Until Sabrina decided that she wanted to play volleyball.
I saw Sergio’s last name on the team roster and called Izzie. She confirmed that it was, indeed, Sergio’s daughter on the roster, and we both made the usual “small world” comments. I didn’t think much of it until the following weekend, when I found myself standing awkwardly at the snack table next to Sergio’s wife. She tried to make small talk with me, and I, probably quite rudely, walked away. All I could remember was how much Izzie and I had wondered about this woman all those years ago. What was she like? Did she know of Sergio’s affairs? Did she suspect? Did she care? What was wrong with her that he looked elsewhere? (This last was, admittedly, horribly unfair, but a product of the mindset we were in at the time.) And now here I was, forced to make small talk with her, and — gasp! — maybe even grow to like her.
Competitive volleyball is a grueling sport for parents — two to three practices a week and weekend tournaments that start at 8 am and don’t end until almost dinnertime. There is lots of waiting around between matches and lots of coordinating food and travel. After a season of this, I have realized the utter foolishness of my earlier belief that perhaps I could simply avoid Sergio and his wife for the year or two that our girls might play together. I can no more avoid them than I can avoid my own daughter at matches. It’s impossible.
And so I have done the unthinkable: I have sat and talked with Sergio’s wife at length at matches. We have emailed occasionally to confirm practices or set up tournament details. And I have grudgingly come to like her. But we have not shared a single interaction during which her husband’s betrayal did not lurk right under the surface of my consciousness. I wish that it would go away, but it won’t.
As for Sergio, he probably thinks me somewhat aloof; certainly he has not guessed at our connection. My last name, unlike his own, is very common, and I have been careful to avoid mention of Izzie’s name in conversation with or near him. Still, I find myself unfairly disliking him. More so than Izzie, I cannot seem to forgive him for causing her tears and heartbreak. Yes, I know they were consenting adults making a mutually inadvisable decision, the outcome of which was not likely to be good, but I cannot help but lay the blame at his feet.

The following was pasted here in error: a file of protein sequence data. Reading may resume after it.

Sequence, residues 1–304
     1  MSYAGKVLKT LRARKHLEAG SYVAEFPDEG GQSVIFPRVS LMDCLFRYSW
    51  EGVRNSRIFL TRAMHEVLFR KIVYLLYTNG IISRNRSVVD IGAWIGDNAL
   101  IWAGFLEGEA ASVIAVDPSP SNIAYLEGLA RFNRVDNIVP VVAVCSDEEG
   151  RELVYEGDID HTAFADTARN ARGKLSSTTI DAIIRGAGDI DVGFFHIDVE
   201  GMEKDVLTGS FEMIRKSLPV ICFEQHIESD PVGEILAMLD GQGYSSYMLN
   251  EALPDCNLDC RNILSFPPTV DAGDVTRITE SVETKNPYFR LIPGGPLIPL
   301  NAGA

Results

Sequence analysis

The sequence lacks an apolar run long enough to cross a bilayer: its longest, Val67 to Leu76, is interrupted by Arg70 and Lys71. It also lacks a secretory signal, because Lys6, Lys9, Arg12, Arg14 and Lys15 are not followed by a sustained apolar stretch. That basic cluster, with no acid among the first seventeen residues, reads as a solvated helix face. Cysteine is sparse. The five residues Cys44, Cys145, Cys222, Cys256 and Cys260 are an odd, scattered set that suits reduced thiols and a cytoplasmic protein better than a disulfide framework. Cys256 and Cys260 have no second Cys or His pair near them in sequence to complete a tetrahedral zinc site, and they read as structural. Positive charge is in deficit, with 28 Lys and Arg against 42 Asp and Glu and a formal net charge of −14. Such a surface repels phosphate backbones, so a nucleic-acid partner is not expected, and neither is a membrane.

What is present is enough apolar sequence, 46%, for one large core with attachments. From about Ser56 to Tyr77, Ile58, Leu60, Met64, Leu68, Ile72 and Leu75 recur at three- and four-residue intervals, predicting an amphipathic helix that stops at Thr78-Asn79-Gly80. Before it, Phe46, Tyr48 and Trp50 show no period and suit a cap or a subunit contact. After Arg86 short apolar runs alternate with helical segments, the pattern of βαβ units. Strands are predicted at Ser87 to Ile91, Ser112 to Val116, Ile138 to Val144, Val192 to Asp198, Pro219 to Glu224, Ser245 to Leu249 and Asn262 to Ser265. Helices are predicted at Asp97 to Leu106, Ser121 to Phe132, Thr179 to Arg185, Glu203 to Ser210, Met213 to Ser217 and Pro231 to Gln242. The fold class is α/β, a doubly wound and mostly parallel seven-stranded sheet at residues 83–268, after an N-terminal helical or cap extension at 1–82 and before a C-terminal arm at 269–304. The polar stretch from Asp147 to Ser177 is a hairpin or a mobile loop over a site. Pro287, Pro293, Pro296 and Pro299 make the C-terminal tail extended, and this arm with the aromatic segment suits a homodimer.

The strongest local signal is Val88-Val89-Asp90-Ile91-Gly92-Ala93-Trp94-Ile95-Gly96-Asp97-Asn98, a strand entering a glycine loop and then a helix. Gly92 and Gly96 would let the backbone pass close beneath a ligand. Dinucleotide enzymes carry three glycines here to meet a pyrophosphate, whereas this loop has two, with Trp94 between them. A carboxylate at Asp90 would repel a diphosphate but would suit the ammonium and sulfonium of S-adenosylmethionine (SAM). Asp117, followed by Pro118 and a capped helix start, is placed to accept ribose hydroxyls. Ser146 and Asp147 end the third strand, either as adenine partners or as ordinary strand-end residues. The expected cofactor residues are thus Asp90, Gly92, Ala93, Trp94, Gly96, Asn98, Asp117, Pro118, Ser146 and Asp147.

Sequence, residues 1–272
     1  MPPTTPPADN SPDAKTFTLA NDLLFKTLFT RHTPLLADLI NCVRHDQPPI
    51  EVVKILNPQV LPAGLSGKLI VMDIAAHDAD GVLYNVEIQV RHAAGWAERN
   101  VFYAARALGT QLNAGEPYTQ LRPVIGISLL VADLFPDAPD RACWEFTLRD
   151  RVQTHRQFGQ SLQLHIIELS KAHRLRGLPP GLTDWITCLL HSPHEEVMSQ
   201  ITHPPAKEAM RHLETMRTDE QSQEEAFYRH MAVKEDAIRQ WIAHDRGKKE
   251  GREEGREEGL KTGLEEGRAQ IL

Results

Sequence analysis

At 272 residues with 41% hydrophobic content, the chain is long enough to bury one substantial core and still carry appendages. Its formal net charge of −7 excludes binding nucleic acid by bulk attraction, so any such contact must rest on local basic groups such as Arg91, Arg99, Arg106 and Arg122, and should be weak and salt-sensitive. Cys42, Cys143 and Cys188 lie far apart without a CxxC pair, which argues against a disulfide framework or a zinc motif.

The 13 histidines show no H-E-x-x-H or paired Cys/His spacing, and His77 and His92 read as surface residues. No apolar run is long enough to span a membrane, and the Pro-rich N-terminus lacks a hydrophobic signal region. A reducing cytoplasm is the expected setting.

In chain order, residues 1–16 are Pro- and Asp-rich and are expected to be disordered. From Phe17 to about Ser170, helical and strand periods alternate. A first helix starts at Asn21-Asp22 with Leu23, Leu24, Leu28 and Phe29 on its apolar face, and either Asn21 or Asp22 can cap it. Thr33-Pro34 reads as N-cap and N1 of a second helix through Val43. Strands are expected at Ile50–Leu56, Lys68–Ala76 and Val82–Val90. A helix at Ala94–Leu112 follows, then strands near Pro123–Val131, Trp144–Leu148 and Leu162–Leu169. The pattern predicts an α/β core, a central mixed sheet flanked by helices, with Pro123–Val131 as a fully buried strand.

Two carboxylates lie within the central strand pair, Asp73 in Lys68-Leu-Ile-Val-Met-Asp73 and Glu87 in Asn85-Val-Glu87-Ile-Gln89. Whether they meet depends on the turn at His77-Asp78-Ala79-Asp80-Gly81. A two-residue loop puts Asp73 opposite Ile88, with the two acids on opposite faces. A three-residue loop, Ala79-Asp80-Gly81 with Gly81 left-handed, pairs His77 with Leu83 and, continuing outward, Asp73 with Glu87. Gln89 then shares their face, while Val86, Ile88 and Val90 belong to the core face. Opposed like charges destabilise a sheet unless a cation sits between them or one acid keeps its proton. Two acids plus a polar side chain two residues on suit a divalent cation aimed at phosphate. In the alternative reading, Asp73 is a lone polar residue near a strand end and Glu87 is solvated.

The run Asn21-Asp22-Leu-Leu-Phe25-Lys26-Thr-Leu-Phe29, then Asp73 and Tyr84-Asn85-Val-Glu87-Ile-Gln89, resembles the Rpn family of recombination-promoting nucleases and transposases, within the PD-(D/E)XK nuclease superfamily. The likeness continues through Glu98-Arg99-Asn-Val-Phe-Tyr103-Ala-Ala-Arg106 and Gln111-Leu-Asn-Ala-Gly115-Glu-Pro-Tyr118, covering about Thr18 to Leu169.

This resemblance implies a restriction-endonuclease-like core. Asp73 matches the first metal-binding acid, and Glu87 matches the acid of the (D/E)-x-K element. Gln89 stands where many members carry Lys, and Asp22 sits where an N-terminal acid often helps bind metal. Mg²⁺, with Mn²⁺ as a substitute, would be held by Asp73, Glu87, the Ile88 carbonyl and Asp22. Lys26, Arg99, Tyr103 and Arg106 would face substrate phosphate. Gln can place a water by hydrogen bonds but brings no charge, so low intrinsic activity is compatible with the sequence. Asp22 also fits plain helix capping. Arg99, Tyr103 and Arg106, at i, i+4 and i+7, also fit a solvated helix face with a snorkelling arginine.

And I find that it is not just Izzie over whom I feel protective, but Sergio’s wife, too. I do not know her well or even consider her a friend, but I like her, and I hate that I know this about her marriage and she probably does not. I hate to imagine that she would likely feel humiliated and betrayed by my silence, too. And so I blame Sergio for all of it. For Izzie’s tears and his wife’s ignorance and my strange, awkward position. It’s probably not fair, but I do.
I know for certain that I will never, ever, in any small or large way, betray what I know to Sergio or to his wife. I would not violate Izzie’s trust in that manner under any circumstances, and I have no wish to cause possible pain to Sergio’s wife. Instead I will continue to sit through practices and tournaments, musing silently to myself about how far and wide our choices resonate. Nothing that we ever do is completely over. It is there, always, reappearing in surprising places and with never-anticipated results. Our pain, our mistakes, our lapses, all there, capable of being discovered at any given moment and inflicting further pain even years and years later.
I will keep my thoughts to myself. I will wonder at the possible irony of someone in the gymnasium knowing something equally painful and unexpected about me or my life. And I will continue to sit on the hard, wooden bleacher bench, watch my daughter’s team, and silently contemplate my friends and their lovers.